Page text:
I have also noticed it inspires violent antipathy amongst GMs. Few of my opening books mention it, and those that do universally despise it. I already quoted this at Quandoman's site, but this is from p. 145 of Collins' excellent book 'Understanding the Chess Openings':
I've seen more promising players lured into incompetence by this opening than I care to remember. The basic pattern is this--player learns BDG, tries to get it in every game, thus limiting his chess experience (and, since the opening isn't good, he loses too many games, meaning that his rating stays low and he can't get games against better players). Nobody who plays good chess plays this line, and nobody who plays good chess ever will.

(His emphasis).

See Quandoman's post for discussion of this in the comments.

5/04/2006 09:25:00 AM  
Blogger Chris said...

I think Collins is being a little harsh. When you get to the Master level in chess then, yes, I think you better know something beyond the BDG. But at the class level, if you are attracted to it, go ahead and have fun. Most results at the class level are not determined by choice of opening. If you're young and/or think it's a good possibility you'll eventually reach Master level, you probably want to study main line openings as well.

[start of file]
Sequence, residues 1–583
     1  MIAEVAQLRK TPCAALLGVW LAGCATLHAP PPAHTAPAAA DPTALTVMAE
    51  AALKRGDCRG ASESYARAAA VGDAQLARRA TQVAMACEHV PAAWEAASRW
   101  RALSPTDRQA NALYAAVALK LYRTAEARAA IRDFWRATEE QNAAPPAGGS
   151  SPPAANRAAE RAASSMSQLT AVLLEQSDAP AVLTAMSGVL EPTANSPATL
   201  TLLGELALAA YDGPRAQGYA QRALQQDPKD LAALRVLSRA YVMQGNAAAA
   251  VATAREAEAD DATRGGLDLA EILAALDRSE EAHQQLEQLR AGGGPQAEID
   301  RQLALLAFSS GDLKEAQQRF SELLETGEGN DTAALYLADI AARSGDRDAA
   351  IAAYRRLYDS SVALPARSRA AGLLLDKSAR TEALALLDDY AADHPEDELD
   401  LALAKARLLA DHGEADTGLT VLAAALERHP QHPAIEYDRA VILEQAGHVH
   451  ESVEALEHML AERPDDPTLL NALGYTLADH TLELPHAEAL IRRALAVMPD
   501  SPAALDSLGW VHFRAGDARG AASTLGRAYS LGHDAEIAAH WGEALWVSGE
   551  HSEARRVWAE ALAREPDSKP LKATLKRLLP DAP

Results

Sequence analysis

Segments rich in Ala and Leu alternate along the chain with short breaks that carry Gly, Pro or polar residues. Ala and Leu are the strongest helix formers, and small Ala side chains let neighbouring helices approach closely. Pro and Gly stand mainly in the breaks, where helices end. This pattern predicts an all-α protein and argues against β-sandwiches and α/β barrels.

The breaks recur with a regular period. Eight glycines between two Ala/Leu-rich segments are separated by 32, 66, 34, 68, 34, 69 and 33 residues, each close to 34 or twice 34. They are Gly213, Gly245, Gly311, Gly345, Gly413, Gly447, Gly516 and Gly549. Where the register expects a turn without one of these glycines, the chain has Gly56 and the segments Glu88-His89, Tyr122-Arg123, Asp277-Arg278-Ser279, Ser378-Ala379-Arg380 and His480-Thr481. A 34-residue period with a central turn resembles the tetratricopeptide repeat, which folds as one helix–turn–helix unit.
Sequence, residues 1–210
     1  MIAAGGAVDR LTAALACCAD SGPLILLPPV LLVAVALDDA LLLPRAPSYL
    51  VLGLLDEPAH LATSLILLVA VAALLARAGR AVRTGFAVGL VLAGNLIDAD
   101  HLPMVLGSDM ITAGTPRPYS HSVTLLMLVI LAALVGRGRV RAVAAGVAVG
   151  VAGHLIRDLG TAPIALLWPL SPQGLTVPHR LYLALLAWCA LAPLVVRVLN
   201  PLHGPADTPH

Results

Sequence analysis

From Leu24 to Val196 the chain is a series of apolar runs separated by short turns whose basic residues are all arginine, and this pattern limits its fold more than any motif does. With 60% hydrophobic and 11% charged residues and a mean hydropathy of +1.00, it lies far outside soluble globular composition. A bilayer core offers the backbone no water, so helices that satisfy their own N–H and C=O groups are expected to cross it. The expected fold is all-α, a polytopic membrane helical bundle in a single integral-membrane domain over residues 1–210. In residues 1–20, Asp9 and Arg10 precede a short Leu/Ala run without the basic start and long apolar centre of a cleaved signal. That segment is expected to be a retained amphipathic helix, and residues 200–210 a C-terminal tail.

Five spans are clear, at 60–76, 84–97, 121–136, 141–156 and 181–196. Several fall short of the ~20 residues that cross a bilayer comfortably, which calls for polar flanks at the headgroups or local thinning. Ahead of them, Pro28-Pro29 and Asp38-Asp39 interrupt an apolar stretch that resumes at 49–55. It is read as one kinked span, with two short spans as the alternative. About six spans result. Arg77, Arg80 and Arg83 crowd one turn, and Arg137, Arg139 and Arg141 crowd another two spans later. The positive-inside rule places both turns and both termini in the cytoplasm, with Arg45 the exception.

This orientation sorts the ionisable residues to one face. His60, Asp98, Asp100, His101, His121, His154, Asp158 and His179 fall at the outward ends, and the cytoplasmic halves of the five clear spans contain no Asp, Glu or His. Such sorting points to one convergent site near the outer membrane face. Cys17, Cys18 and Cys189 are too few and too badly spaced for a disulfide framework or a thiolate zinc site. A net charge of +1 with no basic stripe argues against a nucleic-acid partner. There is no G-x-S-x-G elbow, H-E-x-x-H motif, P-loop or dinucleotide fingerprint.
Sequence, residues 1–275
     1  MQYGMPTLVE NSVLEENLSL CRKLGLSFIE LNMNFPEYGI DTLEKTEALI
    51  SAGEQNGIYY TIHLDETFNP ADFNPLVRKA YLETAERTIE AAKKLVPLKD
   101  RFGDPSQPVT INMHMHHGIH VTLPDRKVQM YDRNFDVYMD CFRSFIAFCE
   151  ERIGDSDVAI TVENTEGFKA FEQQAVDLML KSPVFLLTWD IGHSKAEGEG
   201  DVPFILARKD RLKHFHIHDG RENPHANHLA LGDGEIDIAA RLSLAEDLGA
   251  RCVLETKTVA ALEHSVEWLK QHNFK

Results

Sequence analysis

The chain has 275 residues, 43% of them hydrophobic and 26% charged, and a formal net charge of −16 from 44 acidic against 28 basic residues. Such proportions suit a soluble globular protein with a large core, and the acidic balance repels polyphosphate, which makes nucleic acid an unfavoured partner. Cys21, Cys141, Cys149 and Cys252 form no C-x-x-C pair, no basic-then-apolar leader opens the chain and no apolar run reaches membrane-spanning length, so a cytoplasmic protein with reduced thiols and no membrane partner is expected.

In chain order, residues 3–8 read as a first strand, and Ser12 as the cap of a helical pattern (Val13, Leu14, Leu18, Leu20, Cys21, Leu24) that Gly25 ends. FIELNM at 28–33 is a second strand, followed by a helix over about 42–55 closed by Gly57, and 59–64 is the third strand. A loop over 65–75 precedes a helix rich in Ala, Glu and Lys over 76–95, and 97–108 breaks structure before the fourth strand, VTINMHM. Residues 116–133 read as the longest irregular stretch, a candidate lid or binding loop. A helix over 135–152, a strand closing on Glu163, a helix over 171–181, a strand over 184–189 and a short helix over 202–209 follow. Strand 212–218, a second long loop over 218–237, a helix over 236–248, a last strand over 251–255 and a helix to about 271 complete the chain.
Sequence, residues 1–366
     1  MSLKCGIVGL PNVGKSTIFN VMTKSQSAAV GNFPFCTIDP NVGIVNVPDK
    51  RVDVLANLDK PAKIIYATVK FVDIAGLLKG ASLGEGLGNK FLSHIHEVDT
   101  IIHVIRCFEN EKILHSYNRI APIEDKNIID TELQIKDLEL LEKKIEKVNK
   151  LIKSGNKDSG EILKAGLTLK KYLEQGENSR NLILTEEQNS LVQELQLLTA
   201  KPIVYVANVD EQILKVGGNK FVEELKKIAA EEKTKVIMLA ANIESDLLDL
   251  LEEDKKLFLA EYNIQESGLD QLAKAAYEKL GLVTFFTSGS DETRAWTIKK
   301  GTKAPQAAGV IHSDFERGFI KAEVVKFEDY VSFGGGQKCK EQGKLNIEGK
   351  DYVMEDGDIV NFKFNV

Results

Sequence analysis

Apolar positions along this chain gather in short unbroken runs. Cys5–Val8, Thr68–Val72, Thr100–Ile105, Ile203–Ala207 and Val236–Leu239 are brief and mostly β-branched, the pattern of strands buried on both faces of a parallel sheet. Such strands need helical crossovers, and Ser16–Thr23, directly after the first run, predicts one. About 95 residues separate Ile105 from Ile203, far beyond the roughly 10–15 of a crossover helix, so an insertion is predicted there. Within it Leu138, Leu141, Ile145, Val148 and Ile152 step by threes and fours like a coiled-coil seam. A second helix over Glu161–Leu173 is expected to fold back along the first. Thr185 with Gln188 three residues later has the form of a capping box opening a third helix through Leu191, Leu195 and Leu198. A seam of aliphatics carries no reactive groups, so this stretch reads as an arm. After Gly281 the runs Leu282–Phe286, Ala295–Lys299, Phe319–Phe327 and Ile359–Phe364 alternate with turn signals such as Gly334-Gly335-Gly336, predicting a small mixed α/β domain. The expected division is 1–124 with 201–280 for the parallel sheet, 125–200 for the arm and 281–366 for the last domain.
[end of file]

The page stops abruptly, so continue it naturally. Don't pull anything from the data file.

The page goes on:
One benefit of the BDG is surprise, since hardly anyone prepares for it. But that only works once against someone if they then go and study it. For example, IM Andrew Martin offers a defense here.

5/04/2006 09:52:00 AM  
Blogger Unknown said...

Well. . .I wouldn't waste my time on a dead opening.

Frankly, you're going to becme much more than just a solid 1200 player. You will easily become a club stregth player - around 1500 and they really don't know many openings beyond the first 5-6 moves.

I'll just say that if you want a good solid opening for White that is played at all levels, try the Queens Gambit.

You can always get the pawn back and it can transition into a whole lot of openings - The Kings Indian Defense, The Slav, etc. There are always sharp lines and good counterplay - not to mention a whole lot of traps that you can play against the unsuspecting or inexperienced.